Dodge is launching a big third-quarter campaign for its Durango SUV that features a total of 10 spots, 6 on TV and at least 4 online. The effort, via Portland, Ore-based Wieden + Kennedy, says the muscular SUV is back and not afraid to kick ass. The campaign, which also takes aim at Ford's Explorer SUV, avoids off-roading beauty shots and people unloading kayaks and mountain bikes for an unusual tactic: positing the SUV as a race car. The move aligns with the Dodge brand, however, which uses racing as a subtext to talk up performance.
The digital and TV campaign touts the SUV's driving range, power and towing capacity, seating for seven, vehicle refinements, and technology -- such as a radar that can control forward distance from the nearest vehicle. An anthem spot laments the putative death of muscular performance as an automotive virtue.
The "Long Lost Performance" ad, set at an abandoned racetrack, has a familiar, edgy voiceover saying: "There's more than one of these dilapidated racetracks in America today. This shouldn't come as a surprise to anyone. Not when you look at the kind of cars people are making, the kind people are buying. Performance, evidently, is no longer a priority ..."
After the VO talks about the need to cue the sad music, blowing leaves and torn checkered flag, two Durangos roar across the infield onto the track as the voice says: "Sounds like performance returning to the stage."
If that voice is familiar, it's because it belongs to actor Michael C. Hall, Dexter Morgan from Showtime's "Dexter," and David Fisher in HBO's "Six Feet Under." Jason Russ, head of Dodge advertising, said the voiceover is intended to be edgy and confident. "We are so confident in our brand and products, we are using that voice to express that. It's a recognizable voice; it breaks through. It's something we try to do consistently: breakthrough creative that also entertains and captivates."
Forthcoming spots focus on specific Durango product features. One has the voiceover telling a joke: a fuel economist and a performance enthusiast walk into a bar, while the two Durangos roll along the track. The fuel economist talks up the fact that his goes 500 miles on a single tank of gas. The other says his has a V-6 engine with best-in-class-towing and power. Says VO: "The punch line is: they are both driving the new Durango. Get it?"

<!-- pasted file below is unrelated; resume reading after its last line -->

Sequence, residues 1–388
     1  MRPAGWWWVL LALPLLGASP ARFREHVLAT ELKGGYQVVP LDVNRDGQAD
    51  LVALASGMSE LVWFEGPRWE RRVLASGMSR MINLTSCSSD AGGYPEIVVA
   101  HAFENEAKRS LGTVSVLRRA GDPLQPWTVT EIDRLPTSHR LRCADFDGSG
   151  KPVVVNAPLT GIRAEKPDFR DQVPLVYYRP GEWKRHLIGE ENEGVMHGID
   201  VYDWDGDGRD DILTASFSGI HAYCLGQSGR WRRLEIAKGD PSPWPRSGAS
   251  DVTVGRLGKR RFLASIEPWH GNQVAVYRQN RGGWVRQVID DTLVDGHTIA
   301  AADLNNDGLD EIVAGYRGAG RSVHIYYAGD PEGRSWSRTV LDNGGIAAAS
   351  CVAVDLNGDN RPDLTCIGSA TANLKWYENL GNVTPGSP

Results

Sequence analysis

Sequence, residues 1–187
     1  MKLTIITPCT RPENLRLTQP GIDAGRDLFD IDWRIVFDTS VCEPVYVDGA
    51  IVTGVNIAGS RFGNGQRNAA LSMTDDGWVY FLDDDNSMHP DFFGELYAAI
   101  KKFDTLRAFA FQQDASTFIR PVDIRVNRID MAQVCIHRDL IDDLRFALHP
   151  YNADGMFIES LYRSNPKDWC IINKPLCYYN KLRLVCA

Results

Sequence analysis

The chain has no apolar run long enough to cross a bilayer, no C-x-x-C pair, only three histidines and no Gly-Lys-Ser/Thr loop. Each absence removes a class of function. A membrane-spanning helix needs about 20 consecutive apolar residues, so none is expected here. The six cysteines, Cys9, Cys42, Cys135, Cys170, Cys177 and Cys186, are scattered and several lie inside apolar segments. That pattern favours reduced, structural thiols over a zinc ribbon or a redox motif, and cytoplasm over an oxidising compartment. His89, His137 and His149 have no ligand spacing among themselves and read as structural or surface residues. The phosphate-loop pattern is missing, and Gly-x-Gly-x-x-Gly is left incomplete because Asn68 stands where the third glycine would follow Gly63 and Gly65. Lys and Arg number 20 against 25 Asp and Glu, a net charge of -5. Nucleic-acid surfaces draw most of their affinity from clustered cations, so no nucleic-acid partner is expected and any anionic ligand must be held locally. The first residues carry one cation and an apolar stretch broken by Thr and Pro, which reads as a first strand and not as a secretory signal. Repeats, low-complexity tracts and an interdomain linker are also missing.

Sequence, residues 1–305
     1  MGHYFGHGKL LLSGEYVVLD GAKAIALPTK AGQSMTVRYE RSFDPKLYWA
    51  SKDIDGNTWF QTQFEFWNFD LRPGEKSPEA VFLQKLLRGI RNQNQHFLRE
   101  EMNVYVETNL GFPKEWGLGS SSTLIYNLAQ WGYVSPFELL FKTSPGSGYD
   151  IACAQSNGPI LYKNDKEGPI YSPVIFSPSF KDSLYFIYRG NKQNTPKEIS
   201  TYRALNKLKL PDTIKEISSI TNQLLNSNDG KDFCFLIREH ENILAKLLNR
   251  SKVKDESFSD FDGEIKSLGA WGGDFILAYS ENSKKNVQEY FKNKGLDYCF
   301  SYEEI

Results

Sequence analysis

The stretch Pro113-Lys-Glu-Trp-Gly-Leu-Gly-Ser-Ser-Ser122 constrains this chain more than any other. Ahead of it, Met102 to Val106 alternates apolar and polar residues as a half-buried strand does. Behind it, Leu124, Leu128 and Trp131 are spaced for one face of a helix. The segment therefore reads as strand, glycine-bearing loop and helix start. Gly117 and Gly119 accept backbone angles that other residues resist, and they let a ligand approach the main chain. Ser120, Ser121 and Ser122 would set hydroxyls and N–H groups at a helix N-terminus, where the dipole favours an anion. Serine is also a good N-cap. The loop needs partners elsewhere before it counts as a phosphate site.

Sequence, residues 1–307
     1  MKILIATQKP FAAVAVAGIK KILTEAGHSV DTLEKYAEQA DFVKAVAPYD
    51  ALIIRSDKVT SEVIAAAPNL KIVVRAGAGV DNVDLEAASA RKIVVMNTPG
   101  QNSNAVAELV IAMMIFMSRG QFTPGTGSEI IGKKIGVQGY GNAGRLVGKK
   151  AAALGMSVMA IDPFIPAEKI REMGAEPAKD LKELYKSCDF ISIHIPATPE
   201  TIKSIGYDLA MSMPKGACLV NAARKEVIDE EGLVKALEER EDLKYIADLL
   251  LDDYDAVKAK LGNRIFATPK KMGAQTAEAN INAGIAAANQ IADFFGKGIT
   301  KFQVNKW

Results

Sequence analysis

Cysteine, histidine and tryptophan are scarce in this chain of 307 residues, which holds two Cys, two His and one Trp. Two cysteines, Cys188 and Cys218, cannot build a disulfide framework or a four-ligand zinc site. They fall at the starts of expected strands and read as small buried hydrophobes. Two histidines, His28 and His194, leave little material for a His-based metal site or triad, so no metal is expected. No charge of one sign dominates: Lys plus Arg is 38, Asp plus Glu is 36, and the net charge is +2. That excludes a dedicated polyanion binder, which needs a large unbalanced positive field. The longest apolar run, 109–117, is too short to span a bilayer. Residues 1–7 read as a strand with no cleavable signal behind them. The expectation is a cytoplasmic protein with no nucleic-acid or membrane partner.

In a spot about the vehicle's seven-passenger seating, seven race car drivers run toward the Durango in slo-mo while the voiceover says: "The good news is the new Dodge Durango is a performance SUV that can comfortably seat seven professional drivers. The bad news is, only one of those seven is in the driver's seat."
Other ads talk about towing and the vehicle's interior, comparing the amenities with those of an Italian automaker "whose name rhymes with Merarri." One ad calling out Explorer has Durango towing motorcycles, watercraft, more watercraft, and finally the Ford competitor. The other one has the two vehicles chained together but heading in opposite directions, with the Durango winning the towing match.
The media schedule includes a broad buy on national television and cable channels, but all of the ads are on Dodge.com and on Dodge's YouTube channel.
Russ said the campaign is the largest for the Dodge brand in the past year. "Obviously, fuel economy is one of the biggest concerns today but when we talk performance we are also talking about capability: we want to speak to best-in-class driving range, fuel economy, and at the same time best-in-class towing."
He said the company's decision to set the ads at the abandoned Middle Georgia Raceway in Warner Robins, Ga. (where Bobby Allison once won a Grand National NASCAR title) -- rather than, say, Moab, Utah -- was aligned with the Dodge brand. "Dodge speaks to American performance, and we thought the racetrack was a good demonstration of that."
Evidently the raceway, which closed in 1984, was a regular on the NASCAR circuit until the late 1960s when authorities found a moonshine still under turn 3. Of course, NASCAR came from moonshine running, so they should probably have kept it open and sold the moonshine as fuel. Now that's American performance.